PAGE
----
2 Ways Dogs Damage Hardwood Floors And What To Do About It

by | Dog Care

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If you’ve landed here, you’re wondering whether dogs damage hardwood floors…

Dogs can damage hardwood floors if they pee on the same spot many times and the urine is left to soak into the wood, or if the dog’s nails are long and jagged and the dog runs along the same path many times. This damage is easily prevented by cleaning up messes quickly and keeping your dog’s nails clipped.

The truth is that dogs and hardwood floors can pretty much live in harmony. But sometimes there are issues, so let me share my tips and tricks after living with two busy dogs racing around my house.

By the end of this post, you’ll know:

  • The signs that a dog is damaging hardwood floors
  • What hardwood floors to choose if you have dogs
  • How to stop dogs from damaging hardwood floors
  • How to fix hardwood floors that have been damaged by dogs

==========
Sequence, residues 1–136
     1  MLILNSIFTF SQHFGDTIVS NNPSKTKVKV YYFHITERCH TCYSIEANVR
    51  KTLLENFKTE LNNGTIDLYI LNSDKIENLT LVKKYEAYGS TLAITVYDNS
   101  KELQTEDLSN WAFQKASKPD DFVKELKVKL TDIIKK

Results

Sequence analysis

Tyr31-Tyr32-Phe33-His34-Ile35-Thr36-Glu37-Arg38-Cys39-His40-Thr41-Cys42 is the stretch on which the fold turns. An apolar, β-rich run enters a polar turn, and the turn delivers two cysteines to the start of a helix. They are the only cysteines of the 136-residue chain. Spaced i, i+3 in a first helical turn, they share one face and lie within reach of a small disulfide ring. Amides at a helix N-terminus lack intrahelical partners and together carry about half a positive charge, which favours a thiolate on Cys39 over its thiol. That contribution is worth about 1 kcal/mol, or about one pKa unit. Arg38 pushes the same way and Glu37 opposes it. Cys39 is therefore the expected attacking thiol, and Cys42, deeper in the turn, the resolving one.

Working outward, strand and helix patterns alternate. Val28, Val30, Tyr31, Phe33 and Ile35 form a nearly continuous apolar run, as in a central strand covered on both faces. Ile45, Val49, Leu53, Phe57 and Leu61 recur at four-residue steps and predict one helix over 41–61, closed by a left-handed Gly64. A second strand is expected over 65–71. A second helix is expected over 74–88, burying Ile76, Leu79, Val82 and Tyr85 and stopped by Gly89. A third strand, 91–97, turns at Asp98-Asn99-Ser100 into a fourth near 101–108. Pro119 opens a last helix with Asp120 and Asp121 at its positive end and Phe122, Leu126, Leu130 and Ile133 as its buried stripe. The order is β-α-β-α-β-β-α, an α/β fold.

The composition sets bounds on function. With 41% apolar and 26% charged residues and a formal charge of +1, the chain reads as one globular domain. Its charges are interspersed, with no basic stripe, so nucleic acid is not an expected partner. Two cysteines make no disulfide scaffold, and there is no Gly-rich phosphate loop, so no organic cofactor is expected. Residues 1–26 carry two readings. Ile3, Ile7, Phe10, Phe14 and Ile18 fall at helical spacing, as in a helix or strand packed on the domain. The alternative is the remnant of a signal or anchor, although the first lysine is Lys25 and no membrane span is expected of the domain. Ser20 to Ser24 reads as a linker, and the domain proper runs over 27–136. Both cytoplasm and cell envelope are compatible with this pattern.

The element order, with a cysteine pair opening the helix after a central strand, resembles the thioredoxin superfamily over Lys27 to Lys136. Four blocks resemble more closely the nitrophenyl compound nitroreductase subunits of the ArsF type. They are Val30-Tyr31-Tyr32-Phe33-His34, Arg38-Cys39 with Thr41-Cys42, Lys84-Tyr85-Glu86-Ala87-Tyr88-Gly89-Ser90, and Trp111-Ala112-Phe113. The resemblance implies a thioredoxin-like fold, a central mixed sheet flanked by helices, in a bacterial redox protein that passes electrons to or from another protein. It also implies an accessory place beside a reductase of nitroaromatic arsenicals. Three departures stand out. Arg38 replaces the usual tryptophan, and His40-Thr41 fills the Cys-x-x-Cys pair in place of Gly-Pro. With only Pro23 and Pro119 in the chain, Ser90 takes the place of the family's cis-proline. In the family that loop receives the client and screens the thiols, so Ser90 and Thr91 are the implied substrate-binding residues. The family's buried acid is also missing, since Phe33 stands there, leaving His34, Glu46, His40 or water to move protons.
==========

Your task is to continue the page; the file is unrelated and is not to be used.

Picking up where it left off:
Signs of dog damage to hardwood floors

  1. Signs a dog is peeing on a hardwood floor

If a dog pees regularly on a section of hardwood floor, and the urine isn’t cleaned up but left to soak into the wood, the floorboards are likely to show some or all of the following signs:

  • A bad smell. The more urine builds up, the worse the floors will smell
  • The area could swell and rise higher than the rest of the floor, especially along the lines of the floorboards where urine soaks in
  • Stains start showing on the wood, where the urine turns the wood a different color
  • The area could turn black as urine builds up and mold starts growing        
  • The flooring could start rotting from the inside, where it stays wet with urine

2. Signs a dog’s claws are too long and scratching a hardwood floor

If a dog has long claws and runs along the same path on hardwood floors each day, you might notice the following damage to your hardwood floor:

  • The surface becoming dull as any protective finishing gets worn down with wear and tear
  • Scratches, which could be shallow on the surface and get deeper over time